I T, pseud. [I T] / M G, pseud. [M G]
Miscellaneous / Afterword
Reasoning, Feeling, Botany, Piety
Reflects on the sometimes capricious nature of thought: 'A wild-flower beneath the feet, or the hum of a beetle in the air, calls it off from its contemplations, and a new series of ideas dissipates and enfeebles its powers of abstraction' (385). The pious heart, however, will call the reasoning mind back to its duty. Describes a meditation while walking in the woods. Seeing some Epilobium reminds the narrator that a young friend had the previous evening observed that she had never forgotten the name of that plant, since the narrator had told her about its habit, taxonomy, and form. 'This little plant then, thought I, is a botanical memorandum [...] with which my young friend always associates an idea of me; and in the study of science such remembrances are surely very pleasing' (386). The narrator wishes, however, that the lesson thus impressed had been more sacred, and the remainder of the meditation concerns such sacred lessons. Observes: 'it is only so far as we know Christ the infinite wisdom, that any knowledge is valuable [...]. As one of the fathers of old, speaking of the truth of the philosophical sciences, well observes,—"Unhappy is that man who knows all these things, and knows not thee, O God! But blessed is he who knows thee, though he knows not all these things"' (387). An afterword signed 'M. G.' notes: 'The above paper is signed "I. T." which probably means either Itinerant Thoughts, or, that it is written by a person in the habit of mental speculation, when wandering through the beautiful scenery of nature' (391).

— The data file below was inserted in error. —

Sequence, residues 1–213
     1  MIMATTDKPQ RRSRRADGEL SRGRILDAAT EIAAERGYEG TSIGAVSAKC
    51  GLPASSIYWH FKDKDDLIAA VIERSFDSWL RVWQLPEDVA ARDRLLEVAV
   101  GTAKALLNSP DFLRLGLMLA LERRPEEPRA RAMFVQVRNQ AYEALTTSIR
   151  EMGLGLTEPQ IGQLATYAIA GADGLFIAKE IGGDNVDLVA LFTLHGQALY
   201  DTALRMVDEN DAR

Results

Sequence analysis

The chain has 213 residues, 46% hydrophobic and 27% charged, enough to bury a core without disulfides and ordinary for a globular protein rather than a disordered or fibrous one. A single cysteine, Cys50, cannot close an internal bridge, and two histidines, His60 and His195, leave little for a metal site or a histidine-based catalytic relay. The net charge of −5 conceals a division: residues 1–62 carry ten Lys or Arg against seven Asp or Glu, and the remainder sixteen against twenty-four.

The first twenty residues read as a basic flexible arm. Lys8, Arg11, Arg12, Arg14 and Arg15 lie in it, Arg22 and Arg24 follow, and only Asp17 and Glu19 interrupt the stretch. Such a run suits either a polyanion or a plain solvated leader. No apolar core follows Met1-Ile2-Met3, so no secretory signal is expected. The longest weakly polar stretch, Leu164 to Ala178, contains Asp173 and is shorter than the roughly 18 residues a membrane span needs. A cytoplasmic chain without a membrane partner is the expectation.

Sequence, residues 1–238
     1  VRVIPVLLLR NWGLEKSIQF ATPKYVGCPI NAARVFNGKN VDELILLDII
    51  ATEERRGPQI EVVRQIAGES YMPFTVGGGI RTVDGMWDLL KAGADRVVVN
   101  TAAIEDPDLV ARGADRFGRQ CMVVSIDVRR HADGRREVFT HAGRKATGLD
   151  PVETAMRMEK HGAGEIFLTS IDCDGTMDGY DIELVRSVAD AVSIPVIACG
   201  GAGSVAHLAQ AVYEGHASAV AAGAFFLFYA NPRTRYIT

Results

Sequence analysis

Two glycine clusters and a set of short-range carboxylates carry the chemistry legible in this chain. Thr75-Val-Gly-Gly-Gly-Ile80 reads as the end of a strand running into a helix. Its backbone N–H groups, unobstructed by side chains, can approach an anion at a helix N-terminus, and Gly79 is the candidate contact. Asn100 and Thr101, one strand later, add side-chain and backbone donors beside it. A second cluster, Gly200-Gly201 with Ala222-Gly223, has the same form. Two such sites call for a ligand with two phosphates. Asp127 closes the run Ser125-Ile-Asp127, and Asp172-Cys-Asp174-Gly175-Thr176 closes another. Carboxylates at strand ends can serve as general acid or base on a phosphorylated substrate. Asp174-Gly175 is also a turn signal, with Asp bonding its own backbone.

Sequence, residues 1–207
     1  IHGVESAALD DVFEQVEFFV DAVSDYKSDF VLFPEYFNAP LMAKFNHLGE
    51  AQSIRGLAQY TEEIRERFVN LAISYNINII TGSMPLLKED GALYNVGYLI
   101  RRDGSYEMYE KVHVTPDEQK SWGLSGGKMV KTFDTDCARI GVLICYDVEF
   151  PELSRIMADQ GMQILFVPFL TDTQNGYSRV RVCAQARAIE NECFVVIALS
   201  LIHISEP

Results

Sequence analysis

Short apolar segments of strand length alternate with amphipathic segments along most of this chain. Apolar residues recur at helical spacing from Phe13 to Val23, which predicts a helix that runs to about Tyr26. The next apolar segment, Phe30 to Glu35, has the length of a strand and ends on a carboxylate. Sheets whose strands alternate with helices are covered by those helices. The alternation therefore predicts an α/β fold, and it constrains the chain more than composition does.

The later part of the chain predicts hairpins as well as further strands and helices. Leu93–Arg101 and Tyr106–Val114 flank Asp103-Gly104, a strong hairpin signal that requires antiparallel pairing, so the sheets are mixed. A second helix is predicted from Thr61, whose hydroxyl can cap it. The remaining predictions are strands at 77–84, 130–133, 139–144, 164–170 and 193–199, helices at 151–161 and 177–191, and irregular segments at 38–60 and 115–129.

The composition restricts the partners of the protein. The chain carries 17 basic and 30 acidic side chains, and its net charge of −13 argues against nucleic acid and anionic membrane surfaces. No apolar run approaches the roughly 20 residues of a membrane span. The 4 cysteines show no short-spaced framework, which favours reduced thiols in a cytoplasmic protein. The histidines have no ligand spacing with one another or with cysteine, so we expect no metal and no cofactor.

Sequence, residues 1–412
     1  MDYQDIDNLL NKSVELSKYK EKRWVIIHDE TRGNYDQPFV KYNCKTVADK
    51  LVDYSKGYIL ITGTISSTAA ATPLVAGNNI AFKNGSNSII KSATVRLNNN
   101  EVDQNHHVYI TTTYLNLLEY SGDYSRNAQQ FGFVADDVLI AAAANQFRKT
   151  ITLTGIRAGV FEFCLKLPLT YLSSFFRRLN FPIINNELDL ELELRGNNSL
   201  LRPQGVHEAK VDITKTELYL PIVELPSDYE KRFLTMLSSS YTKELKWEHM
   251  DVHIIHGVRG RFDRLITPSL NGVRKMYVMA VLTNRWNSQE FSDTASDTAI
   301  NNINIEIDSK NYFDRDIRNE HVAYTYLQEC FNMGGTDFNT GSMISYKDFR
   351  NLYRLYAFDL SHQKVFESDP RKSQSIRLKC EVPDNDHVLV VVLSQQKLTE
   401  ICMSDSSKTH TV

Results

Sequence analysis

© Science in the Nineteenth-Century Periodical Project, Universities of Leeds and Sheffield, 2005 - 2020
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